A blockchain has several core functions like storage, networking, consensus, etc. All these are coded and packaged together in the blockchain node software. This software is then distributed to the users willing to participate in the blockchain validation or mining process. Each such user runs this software on their physical or virtual machines.
Blockchain node software running on a physical or virtual machine and accepting connections is a blockchain node. So, it is not just the software, it is a node when is it running and accepting transactions and connections from users and other nodes.
The process of running the blockchain software with the needed configuration parameters is called running or hosting a node.
In general, each node stores all the state of the blockchain.
When several nodes connect with each other and exchange information like blocks and transactions, we get a blockchain network. So, in essence, a network is a collection of interconnected nodes.
Types of Blockchain Nodes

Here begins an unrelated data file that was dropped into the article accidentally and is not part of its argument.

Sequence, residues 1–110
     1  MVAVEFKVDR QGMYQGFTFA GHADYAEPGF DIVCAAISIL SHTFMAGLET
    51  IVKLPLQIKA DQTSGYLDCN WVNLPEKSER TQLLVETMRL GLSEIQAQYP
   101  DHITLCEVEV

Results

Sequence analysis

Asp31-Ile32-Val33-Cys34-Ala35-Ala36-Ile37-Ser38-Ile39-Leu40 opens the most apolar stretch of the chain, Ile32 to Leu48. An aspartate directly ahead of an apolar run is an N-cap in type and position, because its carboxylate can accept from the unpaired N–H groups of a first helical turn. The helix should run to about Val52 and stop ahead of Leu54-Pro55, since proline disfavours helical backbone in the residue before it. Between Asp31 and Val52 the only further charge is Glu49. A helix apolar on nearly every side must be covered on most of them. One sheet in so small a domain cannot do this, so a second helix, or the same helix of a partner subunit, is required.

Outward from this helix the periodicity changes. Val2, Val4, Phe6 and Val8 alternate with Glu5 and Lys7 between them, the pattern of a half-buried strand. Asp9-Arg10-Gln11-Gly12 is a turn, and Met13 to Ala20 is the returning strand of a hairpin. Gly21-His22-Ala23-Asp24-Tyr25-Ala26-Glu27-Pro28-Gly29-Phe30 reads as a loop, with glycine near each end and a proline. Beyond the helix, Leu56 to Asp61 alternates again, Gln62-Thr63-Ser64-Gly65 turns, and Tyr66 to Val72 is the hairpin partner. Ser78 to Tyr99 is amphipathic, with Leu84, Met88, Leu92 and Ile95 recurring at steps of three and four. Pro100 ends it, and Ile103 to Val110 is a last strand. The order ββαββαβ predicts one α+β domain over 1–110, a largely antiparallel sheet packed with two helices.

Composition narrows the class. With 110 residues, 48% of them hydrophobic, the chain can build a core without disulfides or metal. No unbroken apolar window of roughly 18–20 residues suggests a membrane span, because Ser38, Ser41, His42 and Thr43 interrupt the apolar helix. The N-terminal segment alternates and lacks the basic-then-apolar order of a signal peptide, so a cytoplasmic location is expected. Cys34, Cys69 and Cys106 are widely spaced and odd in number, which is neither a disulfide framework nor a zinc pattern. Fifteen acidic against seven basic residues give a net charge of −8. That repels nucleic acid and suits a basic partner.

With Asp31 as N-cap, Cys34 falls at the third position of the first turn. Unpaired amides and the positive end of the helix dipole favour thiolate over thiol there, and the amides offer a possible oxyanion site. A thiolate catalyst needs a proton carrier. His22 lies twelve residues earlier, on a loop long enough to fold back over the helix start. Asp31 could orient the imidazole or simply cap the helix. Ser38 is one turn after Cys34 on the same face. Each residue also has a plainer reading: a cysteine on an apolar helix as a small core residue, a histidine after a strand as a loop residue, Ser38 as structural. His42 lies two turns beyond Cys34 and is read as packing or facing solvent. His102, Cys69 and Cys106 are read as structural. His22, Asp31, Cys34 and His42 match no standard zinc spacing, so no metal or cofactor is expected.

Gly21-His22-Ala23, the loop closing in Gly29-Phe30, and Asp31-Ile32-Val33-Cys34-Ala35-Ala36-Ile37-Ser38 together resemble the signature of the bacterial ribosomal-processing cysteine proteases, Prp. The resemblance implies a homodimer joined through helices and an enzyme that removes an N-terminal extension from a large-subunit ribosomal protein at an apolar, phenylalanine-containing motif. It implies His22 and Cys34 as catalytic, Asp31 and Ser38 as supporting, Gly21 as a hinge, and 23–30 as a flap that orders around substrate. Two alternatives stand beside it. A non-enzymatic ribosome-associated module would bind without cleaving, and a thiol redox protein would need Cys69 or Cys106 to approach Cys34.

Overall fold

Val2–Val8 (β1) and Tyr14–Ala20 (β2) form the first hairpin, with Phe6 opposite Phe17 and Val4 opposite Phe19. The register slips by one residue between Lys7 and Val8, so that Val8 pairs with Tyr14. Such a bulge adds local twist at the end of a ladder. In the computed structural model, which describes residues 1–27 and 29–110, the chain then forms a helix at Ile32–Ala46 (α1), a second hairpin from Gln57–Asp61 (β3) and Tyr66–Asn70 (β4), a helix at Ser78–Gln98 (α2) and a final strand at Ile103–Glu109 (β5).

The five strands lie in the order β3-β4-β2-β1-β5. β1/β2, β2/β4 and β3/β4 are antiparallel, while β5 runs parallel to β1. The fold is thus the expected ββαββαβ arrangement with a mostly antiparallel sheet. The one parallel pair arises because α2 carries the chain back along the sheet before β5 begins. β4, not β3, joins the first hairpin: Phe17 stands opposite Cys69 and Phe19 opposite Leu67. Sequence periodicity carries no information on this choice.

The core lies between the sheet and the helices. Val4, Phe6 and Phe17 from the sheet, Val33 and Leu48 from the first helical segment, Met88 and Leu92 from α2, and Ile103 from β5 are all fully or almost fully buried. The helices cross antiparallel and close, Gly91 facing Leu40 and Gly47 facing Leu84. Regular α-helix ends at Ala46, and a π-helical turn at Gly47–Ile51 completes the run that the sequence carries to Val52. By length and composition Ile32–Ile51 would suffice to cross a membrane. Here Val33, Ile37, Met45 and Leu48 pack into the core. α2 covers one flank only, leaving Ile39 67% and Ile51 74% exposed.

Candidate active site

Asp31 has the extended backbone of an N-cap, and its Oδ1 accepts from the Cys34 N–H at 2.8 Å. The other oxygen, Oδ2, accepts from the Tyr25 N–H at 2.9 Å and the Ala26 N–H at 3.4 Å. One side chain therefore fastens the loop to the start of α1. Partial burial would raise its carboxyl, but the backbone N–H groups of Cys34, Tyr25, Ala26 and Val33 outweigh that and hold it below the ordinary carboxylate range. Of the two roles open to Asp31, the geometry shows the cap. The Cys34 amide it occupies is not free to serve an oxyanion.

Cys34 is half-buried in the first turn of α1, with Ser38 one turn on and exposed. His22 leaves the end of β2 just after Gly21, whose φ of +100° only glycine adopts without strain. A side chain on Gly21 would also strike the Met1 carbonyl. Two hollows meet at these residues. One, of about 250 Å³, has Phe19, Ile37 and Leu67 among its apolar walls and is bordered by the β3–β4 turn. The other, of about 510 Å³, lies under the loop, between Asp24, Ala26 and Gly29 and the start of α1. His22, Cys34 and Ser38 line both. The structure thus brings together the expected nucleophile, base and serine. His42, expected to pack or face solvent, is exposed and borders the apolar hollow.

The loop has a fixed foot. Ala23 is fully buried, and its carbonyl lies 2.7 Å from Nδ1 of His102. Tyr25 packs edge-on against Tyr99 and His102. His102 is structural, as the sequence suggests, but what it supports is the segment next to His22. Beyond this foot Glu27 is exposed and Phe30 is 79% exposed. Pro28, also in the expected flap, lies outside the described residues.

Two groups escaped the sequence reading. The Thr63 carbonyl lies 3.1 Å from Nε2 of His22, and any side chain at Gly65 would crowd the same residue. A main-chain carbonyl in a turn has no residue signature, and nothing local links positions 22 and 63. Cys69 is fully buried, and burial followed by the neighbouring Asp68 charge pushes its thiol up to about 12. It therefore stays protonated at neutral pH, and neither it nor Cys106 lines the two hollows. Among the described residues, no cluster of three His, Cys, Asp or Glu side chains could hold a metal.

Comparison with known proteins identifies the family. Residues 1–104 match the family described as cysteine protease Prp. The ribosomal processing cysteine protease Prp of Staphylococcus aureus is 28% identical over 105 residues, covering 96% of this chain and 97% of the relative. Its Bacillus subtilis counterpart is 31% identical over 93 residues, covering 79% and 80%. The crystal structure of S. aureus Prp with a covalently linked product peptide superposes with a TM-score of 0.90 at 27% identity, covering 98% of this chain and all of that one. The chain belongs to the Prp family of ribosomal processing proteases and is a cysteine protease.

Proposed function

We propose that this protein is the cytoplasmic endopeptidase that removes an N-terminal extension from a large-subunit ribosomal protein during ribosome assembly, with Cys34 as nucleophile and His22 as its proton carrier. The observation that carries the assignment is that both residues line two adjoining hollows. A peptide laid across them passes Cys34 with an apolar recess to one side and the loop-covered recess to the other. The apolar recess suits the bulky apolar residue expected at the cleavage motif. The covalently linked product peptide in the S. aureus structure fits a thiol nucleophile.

Miner and Validator nodes that participate in the block production process.
Archive nodes that keep all the historical state of the blockchain for storage and analysis purposes.
Non-Validator Full Nodes — Help with broadcasting tractions and store the state of the blockchain.
Light Nodes or light clients — Store only block headers to allow for easy verification of the state. They require fewer resources so they could run on mobile devices.
Chain Specification (Node Configuration)
To run a blockchain node, we need to provide it some basic configuration parameters like — the network to connect to (chain), which type of node to run (full, light, miner, archive, etc.), and a few other things. This configuration is called chain specification, or in short chain-spec.
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